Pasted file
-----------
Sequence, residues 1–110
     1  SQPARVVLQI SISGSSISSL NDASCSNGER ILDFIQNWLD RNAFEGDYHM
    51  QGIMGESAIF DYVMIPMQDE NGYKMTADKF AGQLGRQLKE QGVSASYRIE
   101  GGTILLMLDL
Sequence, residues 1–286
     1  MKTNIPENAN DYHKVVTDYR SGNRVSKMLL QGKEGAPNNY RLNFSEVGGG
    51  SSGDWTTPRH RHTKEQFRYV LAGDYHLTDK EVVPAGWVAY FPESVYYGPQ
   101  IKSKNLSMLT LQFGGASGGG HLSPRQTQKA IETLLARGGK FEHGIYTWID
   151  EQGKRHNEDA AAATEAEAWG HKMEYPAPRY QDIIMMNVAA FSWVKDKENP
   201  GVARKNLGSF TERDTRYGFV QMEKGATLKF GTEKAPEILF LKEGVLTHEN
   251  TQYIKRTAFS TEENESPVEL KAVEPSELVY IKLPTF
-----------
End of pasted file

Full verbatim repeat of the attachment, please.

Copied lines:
Sequence, residues 1–110
     1  SQPARVVLQI SISGSSISSL NDASCSNGER ILDFIQNWLD RNAFEGDYHM
    51  QGIMGESAIF DYVMIPMQDE NGYKMTADKF AGQLGRQLKE QGVSASYRIE
   101  GGTILLMLDL
Sequence, residues 1–286
     1  MKTNIPENAN DYHKVVTDYR SGNRVSKMLL QGKEGAPNNY RLNFSEVGGG
    51  SSGDWTTPRH RHTKEQFRYV LAGDYHLTDK EVVPAGWVAY FPESVYYGPQ
   101  IKSKNLSMLT LQFGGASGGG HLSPRQTQKA IETLLARGGK FEHGIYTWID
   151  EQGKRHNEDA AAATEAEAWG HKMEYPAPRY QDIIMMNVAA FSWVKDKENP
   201  GVARKNLGSF TERDTRYGFV QMEKGATLKF GTEKAPEILF LKEGVLTHEN
   251  TQYIKRTAFS TEENESPVEL KAVEPSELVY IKLPTF